For example, you could use the analogy of a cake to talk about teamwork. A cake has lots of different ingredients, and won’t be successful unless you have the right ingredients. This is like a good team, where everyone brings their unique skills and experience to the mix.

Verbal communication skills for remote work

Having great oral communication skills in the workplace isn’t just a benefit in face-to-face work. With remote work, you don’t have the luxury of being in the same space as those you’re talking to, so getting it right is even more important. Being able to communicate verbally with your colleagues means you can build strong relationships, even though you may have never spoken to them face-to-face. This also means that you’re more likely to have good outcomes on projects as there’s less likelihood of misunderstandings or conflict.

That said, there are plenty of communication challenges that come up when working remotely. Different time zones mean quickly jumping on a call or video chat can be difficult, and casual interactions, or ‘watercooler’ moments don’t happen as they would in an office. Getting the timing right for these interactions to happen virtually can be near impossible when colleagues are scattered across the country and even the world.

Lastly, technology plays a key role in connecting people who work remotely, so if the technology isn’t available for easy and quick ‘face-to-face’ communication, it can be hard for teams to get together virtually.

How to overcome barriers to verbal communication in remote workplaces

So what are the strategies you can use to get around these issues when working remotely?

Scheduling check-ins with your colleagues can make all the difference. Whether it’s a weekly check-in or a quick virtual stand-up every day, this gives everyone a chance to practise their talking and verbal skills. 

Keep an eye on your body language, as visual cues like this become even more important when your colleagues aren’t in the room. Also, make sure that everyone’s on the same page and can make it to these meetings, as time differences can prove challenging if there isn’t much overlap. 

To overcome cultural and language barriers in remote work, use a similar approach as you would in an office-based role. Take the time to understand the cultures of your teammates using active listening and asking questions. Try setting up a group on an instant messaging platform so colleagues can chat about things that interest them. This will make it easier when it comes to virtual meetings, as teammates will have found some common ground.

Finally, make sure that you know how to use any technologies that are in place for virtual communication. They're essential for talking with your colleagues, so it pays to take the time to learn them.

Roles that require good verbal communication skills

While every role can benefit from good communication, for some roles it's vital. If you’re applying for one of these roles, the better you are at verbally communicating, the more likely you’ll be ticking those critical interview boxes.

There are plenty of roles that centre around great communication skills. Examples are professions like:

Having great communication skills is useful for lots of roles, even those you may not have considered. Being a top communicator makes you more able to quickly solve problems, build relationships, be more productive, and increase your job satisfaction.

By using the tips above, and practising talking to people in a variety of situations, you’ll increase your confidence and add a useful tool to your belt. Good luck!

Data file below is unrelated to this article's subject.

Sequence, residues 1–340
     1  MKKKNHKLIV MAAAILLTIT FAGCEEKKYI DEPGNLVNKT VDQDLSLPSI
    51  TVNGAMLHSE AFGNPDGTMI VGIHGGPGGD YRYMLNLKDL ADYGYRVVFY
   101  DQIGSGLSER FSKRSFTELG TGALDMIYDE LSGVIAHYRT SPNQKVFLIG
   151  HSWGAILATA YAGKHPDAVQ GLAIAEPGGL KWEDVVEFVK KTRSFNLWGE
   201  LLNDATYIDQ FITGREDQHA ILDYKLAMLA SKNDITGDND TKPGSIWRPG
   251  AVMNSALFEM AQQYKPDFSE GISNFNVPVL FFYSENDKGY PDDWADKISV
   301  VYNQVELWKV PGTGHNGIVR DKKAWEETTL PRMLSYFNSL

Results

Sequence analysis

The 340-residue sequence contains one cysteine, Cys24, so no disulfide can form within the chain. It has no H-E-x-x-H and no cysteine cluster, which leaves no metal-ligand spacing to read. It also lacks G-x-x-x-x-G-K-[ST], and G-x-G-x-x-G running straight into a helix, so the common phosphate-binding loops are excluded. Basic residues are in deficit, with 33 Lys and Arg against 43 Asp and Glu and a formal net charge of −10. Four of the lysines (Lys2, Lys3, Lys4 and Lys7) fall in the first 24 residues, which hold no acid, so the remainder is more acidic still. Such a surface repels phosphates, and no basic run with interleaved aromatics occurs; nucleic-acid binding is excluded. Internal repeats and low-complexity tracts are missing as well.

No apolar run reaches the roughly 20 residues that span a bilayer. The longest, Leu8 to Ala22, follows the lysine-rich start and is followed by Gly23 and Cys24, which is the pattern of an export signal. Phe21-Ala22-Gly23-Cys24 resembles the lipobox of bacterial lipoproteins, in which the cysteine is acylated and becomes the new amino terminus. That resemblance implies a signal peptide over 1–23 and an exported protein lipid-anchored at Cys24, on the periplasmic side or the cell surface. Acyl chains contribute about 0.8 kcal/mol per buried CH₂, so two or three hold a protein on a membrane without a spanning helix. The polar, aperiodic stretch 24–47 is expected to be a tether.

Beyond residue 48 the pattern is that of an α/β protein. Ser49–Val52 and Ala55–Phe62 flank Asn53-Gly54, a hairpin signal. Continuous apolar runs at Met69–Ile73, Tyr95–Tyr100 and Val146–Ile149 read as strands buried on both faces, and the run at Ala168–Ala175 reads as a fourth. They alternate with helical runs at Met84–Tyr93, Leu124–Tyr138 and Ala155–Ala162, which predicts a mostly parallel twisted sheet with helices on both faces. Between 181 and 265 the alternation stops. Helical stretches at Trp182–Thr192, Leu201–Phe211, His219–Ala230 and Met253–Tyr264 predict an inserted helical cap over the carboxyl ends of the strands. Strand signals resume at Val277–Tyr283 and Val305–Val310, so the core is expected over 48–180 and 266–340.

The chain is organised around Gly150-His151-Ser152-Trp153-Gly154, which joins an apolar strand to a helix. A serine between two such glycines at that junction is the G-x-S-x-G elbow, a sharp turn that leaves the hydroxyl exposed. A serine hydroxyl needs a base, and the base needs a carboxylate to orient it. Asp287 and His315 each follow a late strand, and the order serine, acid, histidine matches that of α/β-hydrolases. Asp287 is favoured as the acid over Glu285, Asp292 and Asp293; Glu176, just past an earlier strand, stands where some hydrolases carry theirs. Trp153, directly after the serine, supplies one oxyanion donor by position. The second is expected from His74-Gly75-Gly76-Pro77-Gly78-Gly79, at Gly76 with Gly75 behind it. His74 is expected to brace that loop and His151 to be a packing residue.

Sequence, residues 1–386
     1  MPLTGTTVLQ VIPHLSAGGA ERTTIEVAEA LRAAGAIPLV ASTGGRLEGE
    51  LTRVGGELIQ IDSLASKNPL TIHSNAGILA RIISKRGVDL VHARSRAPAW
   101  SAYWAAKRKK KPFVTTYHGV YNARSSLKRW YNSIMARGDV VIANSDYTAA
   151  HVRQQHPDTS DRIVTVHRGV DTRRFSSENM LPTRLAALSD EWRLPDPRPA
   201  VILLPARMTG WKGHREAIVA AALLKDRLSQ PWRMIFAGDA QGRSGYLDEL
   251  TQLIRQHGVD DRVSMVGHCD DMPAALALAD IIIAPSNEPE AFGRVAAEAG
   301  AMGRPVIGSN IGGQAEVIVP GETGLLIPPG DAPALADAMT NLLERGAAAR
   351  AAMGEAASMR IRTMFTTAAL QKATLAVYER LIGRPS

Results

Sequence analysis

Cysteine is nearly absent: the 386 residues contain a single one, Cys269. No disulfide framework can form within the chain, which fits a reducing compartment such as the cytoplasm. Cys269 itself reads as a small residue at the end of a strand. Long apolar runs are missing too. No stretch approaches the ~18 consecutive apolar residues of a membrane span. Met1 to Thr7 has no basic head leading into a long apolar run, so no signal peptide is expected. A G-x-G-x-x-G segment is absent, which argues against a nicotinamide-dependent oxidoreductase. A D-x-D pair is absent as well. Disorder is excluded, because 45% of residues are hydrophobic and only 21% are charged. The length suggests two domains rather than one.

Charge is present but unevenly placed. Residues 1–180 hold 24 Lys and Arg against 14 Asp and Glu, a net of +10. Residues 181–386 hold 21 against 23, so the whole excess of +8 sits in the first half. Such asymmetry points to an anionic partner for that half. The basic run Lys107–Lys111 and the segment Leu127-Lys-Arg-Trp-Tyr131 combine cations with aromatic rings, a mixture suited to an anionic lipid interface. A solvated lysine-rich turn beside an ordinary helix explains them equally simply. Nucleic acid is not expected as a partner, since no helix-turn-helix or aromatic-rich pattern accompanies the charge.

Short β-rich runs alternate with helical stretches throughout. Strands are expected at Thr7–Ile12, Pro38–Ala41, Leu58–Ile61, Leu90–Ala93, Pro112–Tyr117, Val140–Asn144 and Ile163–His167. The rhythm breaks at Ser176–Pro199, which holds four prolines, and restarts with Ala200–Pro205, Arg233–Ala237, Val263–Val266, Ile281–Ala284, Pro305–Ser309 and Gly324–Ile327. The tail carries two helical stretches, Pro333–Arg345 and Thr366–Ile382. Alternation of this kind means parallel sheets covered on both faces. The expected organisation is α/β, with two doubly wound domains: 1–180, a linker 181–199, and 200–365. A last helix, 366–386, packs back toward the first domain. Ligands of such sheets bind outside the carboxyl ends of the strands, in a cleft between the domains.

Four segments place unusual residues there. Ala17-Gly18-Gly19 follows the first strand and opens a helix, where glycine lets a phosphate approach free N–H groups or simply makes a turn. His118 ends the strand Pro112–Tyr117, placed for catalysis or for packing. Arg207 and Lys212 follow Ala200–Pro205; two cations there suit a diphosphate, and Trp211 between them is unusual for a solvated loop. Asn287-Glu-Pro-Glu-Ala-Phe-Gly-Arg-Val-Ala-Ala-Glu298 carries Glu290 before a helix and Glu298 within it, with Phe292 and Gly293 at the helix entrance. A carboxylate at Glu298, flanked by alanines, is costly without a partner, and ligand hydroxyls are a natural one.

What are some of the benefits of having good communication skills in the workplace?

Communication in the workplace has many benefits. It engages employees, increases job satisfaction, and raises productivity. In teams, it improves collaboration and cooperation between colleagues. Having good communication skills is therefore not only a benefit to individuals, but to teams and the wider organisation.

How can I improve my verbal communication skills?

There are plenty of ways you can improve your communication skills. To develop better communication skills you can:

  • Pause and reflect before speaking
  • Ask thoughtful, open-ended questions
  • Actively listen
  • Speak clearly and concisely
  • Consider your audience
  • Plan in order to speak confidently
  • Use eye contact and welcoming body language
  • Vary your tone
  • Be authentic
  • Practice!

What are some common barriers to effective verbal communication in the workplace?

Common workplace barriers in communication are:

  • Technological barriers
  • Physical barriers like a poor office setup
  • Working in a different time zone
  • Language and cultural barriers
  • Generational barriers
  • Hierarchical barriers
  • Psychological and emotional barriers

What are some strategies for effective verbal communication in remote work?

There are a range of strategies you can use to effectively communicate in a remote workplace. These include: 

  • Holding regular virtual meetings so that teams can discuss projects and stay engaged
  • Using communication tools, like Slack instant messaging, to provide a sense of community
  • Using project management tools like Asana or Trello to help you keep on track
  • Use virtual meetups that aren’t work related to make it easier for employees to communicate and connect.

How can I develop effective verbal communication skills for customer service?

To develop effective communication skills in a customer service field, try things like: 

  • Building a relationship through professional but personable conversation
  • Asking relevant questions and be interested in the answers
  • Mirroring their body language 
  • Using analogies to explain products
  • Actively listen to resolve disputes quickly

What is the impact of poor verbal communication skills in the workplace?

Poor communication in the workplace can impact employees and the business, leading to conflict, lack of engagement, poor job satisfaction, lowered productivity, and high employee turnover.

Workplace skills